Top Stops Along the Yamagata Shinkansen
The Tsubasa or Yamagata Shinkansen travels from Tokyo to Shinjo in 3 hrs. and 39 minutes. Starting from Tokyo the stations are as follows: Ueno, Omiya, Utsunomiya, Koriyama, Fukushima, Yonezawa, Takahata, Akayu, Kaminoyama-Onsen, Yamagata, Tendo, Sakurambohigashine, Murayama, Oishida, and finally Shinjo.
There are several things I absolutely love about Yamagata: great sake, delicious food, therapeutic onsen, cherries, and its signature rice called Hainuki. When not using the Tsubasa, the local JR lines are just as nice because you get a chance to take in the views of all the rural farm lands as well as the seasons.
But, allowed me to list up my favorite stops along this line.
After you reach Yonezawa station, which connects you to two major lines; the Ou Line and the Yunesaka Line. Yonezawa is a city famed for its Beef. You can also enjoy a delicious Yamagata style station bento lunch replete with local favorites from this area. The station is small, but accommodating. On the second floor you can shop for souvenirs and clothes. There's a bento & deli on the first floor selling some of the coolest bento boxes around.
I wouldn't spend too much time there though because if you exit the station and cross the main intersection, there's only one, you will come to a brown traditional looking building which makes the bentos that are sold in the station.
Once you exit that store just across the street on your left hand side you'll see a steak shop on the corner that specializes in Yonezawa style beef. If you are around there during lunch I highly recommend stopping through for a gorgeous lunch with some beer.
Next stop worthy of mention after Takahata is Akayu Station, which connects you to the Yamagata Tetsudo. Now this city doesn't have much to offer, but what it does have is good good spicy ramen. People from far and wide come here just for the ramen and then leave. A lot of locals visit this place year round and the lines are always ridiculously long.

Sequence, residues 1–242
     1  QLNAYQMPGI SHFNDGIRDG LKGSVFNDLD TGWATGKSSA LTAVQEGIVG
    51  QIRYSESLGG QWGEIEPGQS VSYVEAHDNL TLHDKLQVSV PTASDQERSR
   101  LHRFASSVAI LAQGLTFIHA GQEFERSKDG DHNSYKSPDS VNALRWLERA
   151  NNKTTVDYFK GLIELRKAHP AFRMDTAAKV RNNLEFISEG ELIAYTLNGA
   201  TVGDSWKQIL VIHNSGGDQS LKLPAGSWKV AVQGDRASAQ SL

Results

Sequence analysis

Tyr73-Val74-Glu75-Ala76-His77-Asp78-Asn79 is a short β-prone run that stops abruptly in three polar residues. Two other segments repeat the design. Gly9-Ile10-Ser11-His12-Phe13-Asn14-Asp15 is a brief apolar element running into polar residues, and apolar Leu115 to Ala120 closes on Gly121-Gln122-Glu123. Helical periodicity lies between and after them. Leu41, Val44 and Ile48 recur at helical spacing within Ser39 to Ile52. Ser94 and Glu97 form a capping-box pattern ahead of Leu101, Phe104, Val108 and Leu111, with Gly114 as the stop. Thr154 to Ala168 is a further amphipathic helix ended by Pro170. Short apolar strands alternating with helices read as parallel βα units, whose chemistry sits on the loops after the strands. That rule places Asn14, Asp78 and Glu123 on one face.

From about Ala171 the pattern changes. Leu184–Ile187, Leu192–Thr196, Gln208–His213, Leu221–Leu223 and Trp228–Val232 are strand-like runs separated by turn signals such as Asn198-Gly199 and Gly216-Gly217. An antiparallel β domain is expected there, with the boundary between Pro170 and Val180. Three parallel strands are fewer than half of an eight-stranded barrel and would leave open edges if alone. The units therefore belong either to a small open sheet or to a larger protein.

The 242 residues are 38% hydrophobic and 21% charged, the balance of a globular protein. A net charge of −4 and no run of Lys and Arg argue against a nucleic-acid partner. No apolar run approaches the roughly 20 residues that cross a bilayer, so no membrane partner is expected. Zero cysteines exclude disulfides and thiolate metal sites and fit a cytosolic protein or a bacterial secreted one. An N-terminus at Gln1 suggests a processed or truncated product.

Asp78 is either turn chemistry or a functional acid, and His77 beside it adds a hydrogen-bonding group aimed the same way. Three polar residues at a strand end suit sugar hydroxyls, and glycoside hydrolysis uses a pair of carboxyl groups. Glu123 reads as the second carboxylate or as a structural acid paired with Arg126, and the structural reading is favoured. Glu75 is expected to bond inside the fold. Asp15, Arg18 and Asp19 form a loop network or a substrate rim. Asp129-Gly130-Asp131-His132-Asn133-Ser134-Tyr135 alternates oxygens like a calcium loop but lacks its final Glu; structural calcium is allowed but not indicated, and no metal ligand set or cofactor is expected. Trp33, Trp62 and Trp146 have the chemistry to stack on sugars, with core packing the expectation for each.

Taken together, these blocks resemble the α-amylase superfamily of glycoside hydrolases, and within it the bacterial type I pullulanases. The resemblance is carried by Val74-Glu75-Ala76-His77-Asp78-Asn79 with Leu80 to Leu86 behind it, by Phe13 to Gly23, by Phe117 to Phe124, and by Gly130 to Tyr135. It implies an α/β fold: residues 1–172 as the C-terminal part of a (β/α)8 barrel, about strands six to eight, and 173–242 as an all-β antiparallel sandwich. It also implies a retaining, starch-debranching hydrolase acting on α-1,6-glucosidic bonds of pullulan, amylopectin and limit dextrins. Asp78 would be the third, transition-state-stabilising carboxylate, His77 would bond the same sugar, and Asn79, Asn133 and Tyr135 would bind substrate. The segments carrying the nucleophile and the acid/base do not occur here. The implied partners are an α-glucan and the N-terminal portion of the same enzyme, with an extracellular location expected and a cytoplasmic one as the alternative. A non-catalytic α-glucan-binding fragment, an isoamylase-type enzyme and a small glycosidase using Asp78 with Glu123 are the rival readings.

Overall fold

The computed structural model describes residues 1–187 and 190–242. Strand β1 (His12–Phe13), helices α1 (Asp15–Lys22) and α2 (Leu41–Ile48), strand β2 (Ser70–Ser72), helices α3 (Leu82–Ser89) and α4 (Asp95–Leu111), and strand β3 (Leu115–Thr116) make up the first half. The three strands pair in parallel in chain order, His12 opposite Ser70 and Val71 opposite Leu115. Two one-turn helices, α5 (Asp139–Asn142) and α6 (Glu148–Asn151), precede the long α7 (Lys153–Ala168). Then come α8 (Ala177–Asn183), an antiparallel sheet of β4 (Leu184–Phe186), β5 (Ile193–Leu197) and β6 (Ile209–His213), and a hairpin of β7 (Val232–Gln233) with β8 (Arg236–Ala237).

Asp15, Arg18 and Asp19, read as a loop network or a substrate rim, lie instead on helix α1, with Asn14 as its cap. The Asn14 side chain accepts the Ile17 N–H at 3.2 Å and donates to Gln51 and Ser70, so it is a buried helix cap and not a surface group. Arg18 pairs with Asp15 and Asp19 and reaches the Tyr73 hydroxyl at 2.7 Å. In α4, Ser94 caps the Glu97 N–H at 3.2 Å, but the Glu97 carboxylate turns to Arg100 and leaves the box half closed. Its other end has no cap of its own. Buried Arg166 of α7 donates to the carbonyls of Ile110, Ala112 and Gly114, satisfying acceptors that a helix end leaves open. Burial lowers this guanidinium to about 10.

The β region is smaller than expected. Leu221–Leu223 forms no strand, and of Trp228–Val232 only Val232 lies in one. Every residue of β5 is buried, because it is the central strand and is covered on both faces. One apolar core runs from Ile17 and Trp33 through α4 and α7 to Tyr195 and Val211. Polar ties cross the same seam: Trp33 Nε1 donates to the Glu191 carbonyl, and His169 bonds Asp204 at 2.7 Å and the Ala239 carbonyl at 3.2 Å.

After we pass Kaminoyama-Onsen we head to the main JR Yamagata station, and from here you can transfer to three lines; Ou Line, Aterazawa Line, and Senzan Line. These are very rural lines that take you deep into the backbone of Yamagata. The real reason, however, for choosing this station is because the volcanic formations around this volcanic area and majestic mountains stretching 36 km. This place is called the Zao Mountain Range, and it is here that you can enjoy some of the best skiing in Japan from mid-January to late February. In addition to great skiing you can enjoy the snow monsters.
Next up is Tendo station, and it is here you can enjoy some authentic style soba, Yamagata style. People in this region of Japan occasionally take trips down to this area to eat traditional hand rolled soba. Not like you can’t find this anywhere else in Japan, it’s just that up here it feels different because this is what people do everyday day in and day out for 30 or 40 years or so.
The stop next is Sakurambohigashine Station, and if you come between early June and early July you can sample world class premium cherries that look like bright red rubies! Cherry Orchards abound in this part of Japan and is well known by many food geeks like myself. By the way, the Ou Line connects to all of these station starting from Yonezawa to Shinjo, so if you want to take a slower route so that you can enjoy the sights then I recommend the Ou Line.
Riding all the way up past two minor station, Murayama and Oishida, we reach are final destination, Shinjo, and here’s the place that’s regarded in the top 5 best soba shops in all of Japan Nezameya-Hannbe!
Sake of choice chosen for me with this soba, and came highly recommended was this Shonai Homare nama!
I could probably go on and on about more recommendation, but these are the basic ones.